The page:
6. Find Ways to Compensate. Even in patients with severe impairments, some aspects of memory, such as subliminal or implicit memory, may have been spared and can be exploited to compensate for the lost ability.
  7. Spread Rehearsals Over Time. Memory rehearsal is more effective if it is spread out over time rather than bunched into a few closely spaced sessions.
  8. Manipulate the Cues. Be more aware of cues you are using. A “vanishing clues” approach can help. For example, in a rehearsal session, cued retrieval might begin with cueing the first three letters of a target word, then repeating later with two, then  one, and eventually no letter cues.
  9. Minimize Error, Lest you Learn the Errors. Trial-and-error learning is generally less effective than learning conditions that minimize error, because error responses can get stored as memories that compete with the right answers. In short, it is better to not know than to generate wrong answers.
  10. Use Memory Crutches. Using external memory aids (sticky notes, wall charts, notebooks, etc.) should help, bearing in mind, however, that using such aids may themselves be a memory task. It is like having a schedule calendar and forgetting to check the calendar. Smart phones and radio paging devices (“NeuroPage”) can be especially helpful because they remind the patient when to check on the stored information. In some patients, repeated use of such aids develops a habit for target tasks and these may even generalize to certain non-target tasks.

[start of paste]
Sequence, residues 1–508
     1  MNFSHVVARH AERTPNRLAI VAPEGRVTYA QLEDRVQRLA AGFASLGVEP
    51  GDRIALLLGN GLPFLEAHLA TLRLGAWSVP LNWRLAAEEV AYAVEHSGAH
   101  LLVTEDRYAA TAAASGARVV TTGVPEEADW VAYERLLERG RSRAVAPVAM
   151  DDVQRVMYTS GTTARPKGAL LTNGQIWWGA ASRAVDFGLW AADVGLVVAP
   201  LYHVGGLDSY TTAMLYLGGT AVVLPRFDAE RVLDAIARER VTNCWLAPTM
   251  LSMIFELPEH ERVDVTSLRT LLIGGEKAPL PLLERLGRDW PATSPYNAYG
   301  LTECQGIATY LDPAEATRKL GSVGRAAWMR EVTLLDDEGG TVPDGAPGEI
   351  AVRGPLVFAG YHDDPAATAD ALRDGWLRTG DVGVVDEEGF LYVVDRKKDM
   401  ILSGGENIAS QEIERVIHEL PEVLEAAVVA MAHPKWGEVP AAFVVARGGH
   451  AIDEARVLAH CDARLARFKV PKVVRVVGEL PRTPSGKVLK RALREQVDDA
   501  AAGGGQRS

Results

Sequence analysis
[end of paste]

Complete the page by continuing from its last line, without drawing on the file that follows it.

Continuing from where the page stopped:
These ten approaches are some of the same approaches that work especially well in people with normal memory capabilities. To make them work in patients with impaired memory just takes more effort, patience, and time.
Source: Ptak, R., Van der Linden, M., and Schneider, A. 2010. Cognitive rehabilitation of episodic memory disorders: from theory to practice. Frontiers in Human Research. 4 (57): 1-11. doi: 10.3389/fnhum.2010.00057.

All retrieved from

Monday, April 13, 2015




  • 受害者被电话催眠后,将陷入恍惚状态Alpha-Theta脑电波状态,逻辑思考能力受限;很容易做出不理智的决定。当你发现对方说的话毫无疑点但同时却觉得困惑不已,或许你几经成为了受害者。(可以透过脑电波反馈疗法EEG biofeedback训练你的逻辑思考,专注力甚至让你变得不容易被影响和催眠)。
  • 当你发现自己变得特别的乖和听话,那或许就是一个被控制的迹象了。
  • 当你发现自己的情绪反应强烈时,你或许已经进入了失控状态。
  • 勇敢的说“不”,跳出恍惚状态,让自己恢复理智。
  • 有的人无法轻易跳出恍惚状态,可以考虑学习自我催眠或者脑电波反馈疗法来帮助自己加强抵御力或增强逻辑思考能力。
  • 催眠是无法控制别人的行为的,因为如果你不愿意合作,没有人可以催眠你的。催眠的功效实际上就是合作与配合度来决定的。只要你不合作,没有人可以催眠你的。